Knowing how to organize a room gives you the same powers of persuasion. If clients want the family to focus on conversation rather than screens, position couches and chairs to face each other instead of the television. Want kids to use hooks for their coats and backpacks? Place them on a wall in clear view of the entry door.

4. Invite Engagement

Beyond just exhibiting artifacts, museum design helps visitors connect with the art or history on display. Like cubist paintings or ancient scrolls, tidying up may not be everyone’s cup of tea. But, by explaining to clients how to arrange their space to reflect their personality, you can make organizing fun and show them how useful curated decor can be.

A clutter curator’s job is to organize spaces to embody a client’s life and invite family and guests to engage with that story. One effective way to do this is by using favored objects as featured decor. Framed records or a display box full of concert ticket stubs show off a client’s collection and encourage discussion about their interests and experiences.

Curated Home Design

Just like a museum exhibition, every house tells a story. Disorderly rooms can radiate chaos and stress. On the other hand, a curated space organized to fit a family’s needs serves as a comfortable refuge, a place where everyone feels cared for and truly at home.

Photo by Manja Vitolic on Unsplash

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Hazel Bennett is a freelance writer and blogger. She has a degree in communications and lives in Northeastern Ohio. Hazel loves writing about numerous topics and showcasing her expertise with words.

Gravatar mystery man

Hazel Bennett is a freelance writer and blogger. She has a degree in communications and lives in Northeastern Ohio. Hazel loves writing about numerous topics and showcasing her expertise with words.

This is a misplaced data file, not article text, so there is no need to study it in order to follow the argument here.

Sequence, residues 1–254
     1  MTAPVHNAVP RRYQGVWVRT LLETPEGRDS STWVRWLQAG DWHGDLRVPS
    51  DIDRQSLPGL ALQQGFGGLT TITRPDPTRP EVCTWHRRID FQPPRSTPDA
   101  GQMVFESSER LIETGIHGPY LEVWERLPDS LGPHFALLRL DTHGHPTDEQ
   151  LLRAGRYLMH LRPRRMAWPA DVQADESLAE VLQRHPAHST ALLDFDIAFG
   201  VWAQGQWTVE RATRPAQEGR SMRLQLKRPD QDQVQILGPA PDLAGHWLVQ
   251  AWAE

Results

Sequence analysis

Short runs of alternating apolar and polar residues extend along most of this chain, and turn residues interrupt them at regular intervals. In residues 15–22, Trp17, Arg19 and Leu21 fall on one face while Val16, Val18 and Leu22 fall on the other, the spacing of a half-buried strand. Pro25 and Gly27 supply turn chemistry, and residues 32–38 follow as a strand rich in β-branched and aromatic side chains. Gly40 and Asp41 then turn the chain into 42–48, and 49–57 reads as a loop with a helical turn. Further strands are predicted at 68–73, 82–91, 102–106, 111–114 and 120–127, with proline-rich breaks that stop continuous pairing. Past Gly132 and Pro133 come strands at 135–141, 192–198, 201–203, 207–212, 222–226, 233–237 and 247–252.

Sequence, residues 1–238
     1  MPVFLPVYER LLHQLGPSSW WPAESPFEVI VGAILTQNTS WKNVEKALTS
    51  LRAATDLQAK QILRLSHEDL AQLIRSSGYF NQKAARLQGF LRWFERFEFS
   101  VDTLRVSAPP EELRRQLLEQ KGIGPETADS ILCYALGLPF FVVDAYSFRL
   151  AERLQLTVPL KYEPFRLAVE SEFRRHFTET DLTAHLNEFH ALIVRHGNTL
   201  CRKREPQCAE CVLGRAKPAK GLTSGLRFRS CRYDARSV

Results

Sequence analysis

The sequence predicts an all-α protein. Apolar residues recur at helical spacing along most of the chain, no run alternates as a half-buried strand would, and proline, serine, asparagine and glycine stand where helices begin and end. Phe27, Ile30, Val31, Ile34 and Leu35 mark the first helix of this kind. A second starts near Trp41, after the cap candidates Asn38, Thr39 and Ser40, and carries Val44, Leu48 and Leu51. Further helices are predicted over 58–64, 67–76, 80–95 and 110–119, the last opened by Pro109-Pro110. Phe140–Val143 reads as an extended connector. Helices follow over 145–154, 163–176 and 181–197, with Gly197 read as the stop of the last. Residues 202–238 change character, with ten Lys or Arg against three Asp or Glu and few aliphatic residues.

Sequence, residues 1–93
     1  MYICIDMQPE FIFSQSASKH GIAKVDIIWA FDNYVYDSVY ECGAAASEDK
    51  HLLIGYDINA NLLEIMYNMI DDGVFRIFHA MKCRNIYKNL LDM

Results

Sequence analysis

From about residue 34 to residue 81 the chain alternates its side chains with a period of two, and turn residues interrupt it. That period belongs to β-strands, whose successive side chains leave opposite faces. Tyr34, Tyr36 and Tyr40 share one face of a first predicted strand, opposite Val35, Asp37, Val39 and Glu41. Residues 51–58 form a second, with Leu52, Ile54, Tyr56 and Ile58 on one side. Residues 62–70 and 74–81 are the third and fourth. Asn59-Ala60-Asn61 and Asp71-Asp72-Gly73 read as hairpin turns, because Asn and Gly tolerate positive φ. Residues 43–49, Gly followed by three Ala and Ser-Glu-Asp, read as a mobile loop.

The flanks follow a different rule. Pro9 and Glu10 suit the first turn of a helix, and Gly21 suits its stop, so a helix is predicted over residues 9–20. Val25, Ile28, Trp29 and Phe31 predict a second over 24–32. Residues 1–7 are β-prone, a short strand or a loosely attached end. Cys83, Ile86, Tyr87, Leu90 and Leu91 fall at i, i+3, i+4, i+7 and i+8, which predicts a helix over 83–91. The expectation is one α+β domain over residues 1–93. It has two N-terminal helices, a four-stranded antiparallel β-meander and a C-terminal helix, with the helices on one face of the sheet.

8 Comments

  1. Diane N Quintana on January 27, 2021 at 11:49 am

    I love the angle of this piece. I have never before thought about using the word curate to describe what a professional organizer does but it really fits. Thank you for giving me this new perspective.

  2. Seana Turner on January 27, 2021 at 2:45 pm

    I’ve used the word curate with memorabilia organizing. Especially with growing children, what mattered when they were little won’t matter as much when they are teenagers. When the memorabilia bin is bursting, that is a good time to review and curate it so only the best and most meaningful items are kept. It’s a helpful way to think about deciding what to keep and what to shed.

    • Janet Barclay on January 28, 2021 at 12:40 pm

      I love this! After all, memorabilia is like a private museum, isn’t it? Or it could be, if well curated!

  3. Julie Bestry on January 28, 2021 at 12:16 am

    I usually talk with clients who won’t give up the mass of a particular type of item they consider a “collection” by approaching it as a curated exhibit. We select the favorites, or the favorites *for now* while creating more reasonable, logical storage. I explain the concept of rotating exhibits; for example, a client who collects figurines may appreciate them more if we only display the summery looking ones during warmer weather months, the more autumnal-themed ones in the fall, and so on. Hazel’s right that displaying the favorites and donating/selling the rest may work, but when it does not, displaying the best in a theme or current preference and storing the rest in a more logical way at least keeps visible clutter at bay.

    I love this approach!

    • Janet Barclay on January 28, 2021 at 12:41 pm

      Your approach is wonderful. I was very excited the first time I saw one of those picture frames where you can store children’s artwork, bringing a different one forward whenever you (or the child) want a change. I think those are great!

  4. Phaedra Studt on February 4, 2021 at 5:29 pm

    I like this take on organizing a home. It takes a more thoughtful approach to the end result, and even leaves room for rotating favorite items, as some museums sometimes do.

    • Janet Barclay on February 5, 2021 at 1:04 pm

      I think that ability to rotate items might make some people more willing to not have everything out on display, don’t you?

  5. Linda Samuels on February 9, 2021 at 11:58 am

    I love the word “curate.” It’s more inviting and creative than “edit,” which I tend to use. It also speaks to the nature of choosing what we like or love rather than letting go of what we don’t want. So it places a positive spin on purpose. And I suppose whether we “curate” our spaces or not, our rooms DO tell a story. It may just not be the story we actually want to tell. Being intentional is a great idea!